Last Updated on June 22, 2022 by Lydia Martin
With plenty of alcoholic drinks available today, choosing the perfect spirit could be particularly challenging. Take Whiskey and Cognac, for instance.
When it comes to Cognac vs Whiskey, you’ll find that they differ in criteria like age terms, distillation process, and base product. The team gathered resources for all things Cognac and Whiskey and pointed out the main difference. Let’s dive in.
Table of Contents
Whiskey or Cognac: Which is Better?
Whiskey and Cognac are both distilled spirits. Both are created through fermentation and then matured inside oak barrels. Whiskey is from fermented grain mash in which includes barley, rye, and corn grain. Bourbon is a type of Whiskey that is from corn.
Cognac is a particular type of brandy. The word brandy originated from the Dutch word “brandewijn” meaning burnt wine. It comes from a unique group of berries named Folle Blanche and Ugni Blanc. The brandy is distilled twice in copper pot stills and stored in a French oak barrel. The minimum age for fermenting is two years.
Grapes vs Grains
The main difference between Cognac vs Whiskey is that Cognac is made from grapes and Whiskey from grain. This grain is mixed with water and yeast then aged in barrels.
Cognac begins as fermented grape juice then turns into wine. After that, the wine is double-distilled and matured in wooden barrels. The fact that it is from France is the most crucial. Whiskey, on the other hand, can be made in any country or region.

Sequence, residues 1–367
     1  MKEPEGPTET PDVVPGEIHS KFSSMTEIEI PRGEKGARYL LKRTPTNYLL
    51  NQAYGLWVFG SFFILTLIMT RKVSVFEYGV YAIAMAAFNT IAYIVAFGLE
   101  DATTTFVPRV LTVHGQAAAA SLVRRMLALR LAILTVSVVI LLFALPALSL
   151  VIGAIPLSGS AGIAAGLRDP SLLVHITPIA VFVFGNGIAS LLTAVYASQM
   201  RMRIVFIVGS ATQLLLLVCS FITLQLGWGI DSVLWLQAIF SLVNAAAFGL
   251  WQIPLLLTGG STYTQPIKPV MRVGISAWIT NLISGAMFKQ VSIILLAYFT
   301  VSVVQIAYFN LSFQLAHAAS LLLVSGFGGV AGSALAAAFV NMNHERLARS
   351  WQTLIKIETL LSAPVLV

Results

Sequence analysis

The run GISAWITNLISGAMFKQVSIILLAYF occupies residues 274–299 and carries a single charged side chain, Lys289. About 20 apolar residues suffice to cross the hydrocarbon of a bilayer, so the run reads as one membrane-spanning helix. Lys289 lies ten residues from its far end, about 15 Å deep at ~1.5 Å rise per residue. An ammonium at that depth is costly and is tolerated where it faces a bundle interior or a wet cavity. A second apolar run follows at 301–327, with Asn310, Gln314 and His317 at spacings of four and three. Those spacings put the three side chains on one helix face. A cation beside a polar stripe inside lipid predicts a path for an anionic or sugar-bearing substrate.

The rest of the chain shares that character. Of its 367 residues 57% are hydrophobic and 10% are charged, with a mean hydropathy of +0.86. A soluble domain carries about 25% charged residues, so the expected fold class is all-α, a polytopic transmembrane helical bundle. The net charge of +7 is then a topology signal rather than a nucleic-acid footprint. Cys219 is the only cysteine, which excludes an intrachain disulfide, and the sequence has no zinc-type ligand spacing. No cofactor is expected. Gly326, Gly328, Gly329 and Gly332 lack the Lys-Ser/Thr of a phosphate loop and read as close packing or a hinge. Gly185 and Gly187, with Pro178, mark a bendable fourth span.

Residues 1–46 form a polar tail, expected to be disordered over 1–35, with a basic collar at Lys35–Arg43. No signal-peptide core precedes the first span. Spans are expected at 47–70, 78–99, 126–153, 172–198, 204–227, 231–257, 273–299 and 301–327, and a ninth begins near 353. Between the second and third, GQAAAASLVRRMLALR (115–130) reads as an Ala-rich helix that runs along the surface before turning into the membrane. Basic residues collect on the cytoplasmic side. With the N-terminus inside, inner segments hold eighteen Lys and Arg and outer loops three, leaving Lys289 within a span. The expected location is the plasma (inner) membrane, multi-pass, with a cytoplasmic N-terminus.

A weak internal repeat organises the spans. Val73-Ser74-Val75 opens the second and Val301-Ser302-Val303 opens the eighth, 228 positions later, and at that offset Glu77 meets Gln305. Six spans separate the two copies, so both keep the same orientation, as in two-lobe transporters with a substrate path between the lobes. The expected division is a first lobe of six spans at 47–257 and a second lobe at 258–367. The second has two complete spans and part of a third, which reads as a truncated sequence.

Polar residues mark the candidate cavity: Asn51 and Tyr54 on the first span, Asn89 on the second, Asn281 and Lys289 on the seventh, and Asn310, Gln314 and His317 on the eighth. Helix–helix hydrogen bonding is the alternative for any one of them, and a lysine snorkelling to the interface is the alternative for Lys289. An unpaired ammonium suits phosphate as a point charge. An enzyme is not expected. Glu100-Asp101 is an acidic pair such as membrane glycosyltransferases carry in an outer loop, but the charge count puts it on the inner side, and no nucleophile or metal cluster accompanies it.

Closer Look at Their Differences
The base product is the most noticeable between the two spirits. Grains, typically barley, are the raw material for making whiskey. Scotch whiskey and Scotch-inspired liquors are popularly known as whiskey. Whiskey can also be found in Japan and Canada.
Cognac is produced by distilling the wine. The juice is fermented to make an acidic wine later once the juice ferments for five days and then ages for years in oak casks.
Smell & Taste
The flavor and smell of Cognac and Whiskey are a bit similar. You will notice that some whiskeys have flavors of citrus peel, vanilla, and spices — which can also be found in Cognac taste.
However, because Cognac began as a grape, it typically has a broader range of fruit and floral aromas. In a typical Cognac, you can smell banana, apricot, prune, fig, rose petal, and honeysuckle.
Whiskey and Cognac distillation can vary. In whiskey, manufacturers distill the spirit once. On the other hand, Cognac undergoes the distillation process twice. First, the distillation process happens when the wine is fermented. It becomes a colorless concentrate after the second fermentation. After that, it is left to age, at which point it becomes brandy.
When it comes to whiskey production, there are no geographical boundaries. Production can be done anywhere. But initially, it originated in Scotland.
On the other hand, Cognac can only be produced in the Cognac region of France and can only be named when it is according to the rules. Aside from french wine – Bon Bois, Bois Ordinaire, Petite Champagne, Grande Champagne, Fins Bois, and Borderies are the authorized-only locations for production.
Because Cognac can only be done in a limited region, the number of whiskey brands is greater than Cognacs. Cognac’s manufacturers can only produce within proper guidelines. Also, France is known for making delicious french wine.